You'd expect that something like buying a winning lottery ticket would cause us to take MORE risks in the future, but it doesn't work that way. And an unexpected loss works the same way. It turns out that it’s not whether you win or lose, but whether the outcome is expected that's relevant here. People appear to decrease their risk-taking levels after experiencing any surprising outcome--even positive ones.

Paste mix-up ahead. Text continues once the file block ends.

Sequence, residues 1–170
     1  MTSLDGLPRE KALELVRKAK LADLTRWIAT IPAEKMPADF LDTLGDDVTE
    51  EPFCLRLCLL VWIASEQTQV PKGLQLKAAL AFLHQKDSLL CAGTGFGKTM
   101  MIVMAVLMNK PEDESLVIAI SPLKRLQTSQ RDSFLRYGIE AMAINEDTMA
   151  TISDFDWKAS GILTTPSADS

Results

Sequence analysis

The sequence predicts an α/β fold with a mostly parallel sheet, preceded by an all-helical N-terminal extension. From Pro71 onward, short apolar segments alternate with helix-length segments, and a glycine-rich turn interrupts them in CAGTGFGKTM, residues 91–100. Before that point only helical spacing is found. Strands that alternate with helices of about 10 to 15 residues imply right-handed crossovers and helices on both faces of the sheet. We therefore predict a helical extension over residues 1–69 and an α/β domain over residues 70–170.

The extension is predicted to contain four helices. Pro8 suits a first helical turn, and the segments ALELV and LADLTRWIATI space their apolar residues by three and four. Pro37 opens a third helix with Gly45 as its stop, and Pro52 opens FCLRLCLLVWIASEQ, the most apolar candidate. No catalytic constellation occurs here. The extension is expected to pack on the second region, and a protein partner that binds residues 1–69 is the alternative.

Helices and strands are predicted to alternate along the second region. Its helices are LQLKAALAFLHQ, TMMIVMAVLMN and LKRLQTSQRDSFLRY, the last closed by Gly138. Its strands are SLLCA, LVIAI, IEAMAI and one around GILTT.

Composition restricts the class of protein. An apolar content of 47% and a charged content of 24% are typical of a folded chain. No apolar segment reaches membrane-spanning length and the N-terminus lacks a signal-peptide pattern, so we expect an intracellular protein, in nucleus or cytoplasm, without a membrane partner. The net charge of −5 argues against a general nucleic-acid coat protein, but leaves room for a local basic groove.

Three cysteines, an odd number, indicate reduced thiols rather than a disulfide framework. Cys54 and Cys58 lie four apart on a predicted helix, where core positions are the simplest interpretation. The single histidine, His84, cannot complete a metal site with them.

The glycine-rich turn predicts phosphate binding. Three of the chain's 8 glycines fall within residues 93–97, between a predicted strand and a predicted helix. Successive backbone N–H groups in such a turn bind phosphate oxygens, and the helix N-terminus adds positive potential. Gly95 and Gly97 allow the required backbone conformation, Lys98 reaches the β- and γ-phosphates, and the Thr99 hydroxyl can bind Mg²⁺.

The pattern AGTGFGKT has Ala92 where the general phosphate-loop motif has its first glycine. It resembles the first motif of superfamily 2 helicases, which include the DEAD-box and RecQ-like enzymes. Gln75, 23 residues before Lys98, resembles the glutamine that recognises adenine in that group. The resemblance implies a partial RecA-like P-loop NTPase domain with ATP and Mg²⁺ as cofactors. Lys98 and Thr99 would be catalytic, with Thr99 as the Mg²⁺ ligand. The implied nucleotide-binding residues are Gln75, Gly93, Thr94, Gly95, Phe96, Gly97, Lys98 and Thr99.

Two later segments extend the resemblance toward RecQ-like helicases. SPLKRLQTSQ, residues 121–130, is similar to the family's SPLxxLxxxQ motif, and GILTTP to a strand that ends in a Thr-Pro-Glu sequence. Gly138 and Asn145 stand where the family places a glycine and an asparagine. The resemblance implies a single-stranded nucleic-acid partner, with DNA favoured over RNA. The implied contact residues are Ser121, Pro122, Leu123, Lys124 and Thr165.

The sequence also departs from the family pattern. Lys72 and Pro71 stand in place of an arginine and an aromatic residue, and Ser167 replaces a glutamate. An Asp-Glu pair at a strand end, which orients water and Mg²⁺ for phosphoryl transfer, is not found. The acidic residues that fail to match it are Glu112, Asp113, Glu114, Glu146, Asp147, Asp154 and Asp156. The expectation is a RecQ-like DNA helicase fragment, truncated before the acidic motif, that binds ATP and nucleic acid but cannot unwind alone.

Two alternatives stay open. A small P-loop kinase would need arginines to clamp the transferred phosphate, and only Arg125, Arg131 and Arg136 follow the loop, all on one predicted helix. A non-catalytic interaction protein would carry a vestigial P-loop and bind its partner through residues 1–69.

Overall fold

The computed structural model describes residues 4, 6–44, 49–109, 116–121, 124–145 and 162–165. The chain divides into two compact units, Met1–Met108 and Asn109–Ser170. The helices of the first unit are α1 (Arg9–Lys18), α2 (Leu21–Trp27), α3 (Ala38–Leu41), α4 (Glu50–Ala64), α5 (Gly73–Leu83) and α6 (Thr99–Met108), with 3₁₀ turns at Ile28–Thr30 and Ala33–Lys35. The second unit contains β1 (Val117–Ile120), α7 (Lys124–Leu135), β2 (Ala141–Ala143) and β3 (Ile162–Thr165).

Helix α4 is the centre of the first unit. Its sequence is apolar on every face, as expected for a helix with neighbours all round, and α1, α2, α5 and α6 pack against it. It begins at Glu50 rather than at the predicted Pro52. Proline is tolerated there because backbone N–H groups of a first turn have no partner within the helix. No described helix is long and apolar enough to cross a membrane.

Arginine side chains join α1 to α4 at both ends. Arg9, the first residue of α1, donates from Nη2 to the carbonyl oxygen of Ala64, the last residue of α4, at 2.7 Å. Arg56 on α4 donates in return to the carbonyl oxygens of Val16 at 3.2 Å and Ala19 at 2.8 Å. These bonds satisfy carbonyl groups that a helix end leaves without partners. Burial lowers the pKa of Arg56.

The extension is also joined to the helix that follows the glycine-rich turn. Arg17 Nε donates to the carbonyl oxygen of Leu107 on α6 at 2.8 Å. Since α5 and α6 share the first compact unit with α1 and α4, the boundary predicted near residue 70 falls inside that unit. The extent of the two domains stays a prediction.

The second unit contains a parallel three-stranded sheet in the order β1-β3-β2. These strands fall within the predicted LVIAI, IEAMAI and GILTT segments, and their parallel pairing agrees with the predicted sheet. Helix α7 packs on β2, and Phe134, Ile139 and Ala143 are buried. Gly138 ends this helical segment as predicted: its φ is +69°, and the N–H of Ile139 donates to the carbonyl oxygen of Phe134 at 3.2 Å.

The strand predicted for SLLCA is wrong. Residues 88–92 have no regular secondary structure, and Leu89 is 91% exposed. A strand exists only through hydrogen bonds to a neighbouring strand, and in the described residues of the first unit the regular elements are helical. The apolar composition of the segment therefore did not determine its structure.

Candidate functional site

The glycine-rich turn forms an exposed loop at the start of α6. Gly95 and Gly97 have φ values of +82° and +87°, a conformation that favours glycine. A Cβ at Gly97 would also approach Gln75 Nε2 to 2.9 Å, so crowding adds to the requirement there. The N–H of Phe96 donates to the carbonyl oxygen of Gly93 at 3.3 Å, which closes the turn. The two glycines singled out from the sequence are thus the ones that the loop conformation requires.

The researchers had 59 participants play the high-risk computerized gambling game and surprised the participants with some big wins. Psychologist Heath Demaree says, "Surprising events are known to cause animals to stop, freeze, orient to the surprising stimulus and update their schemas of how the world works. Our recent research suggests that surprising events also cause people to temporarily reduce risk-taking."
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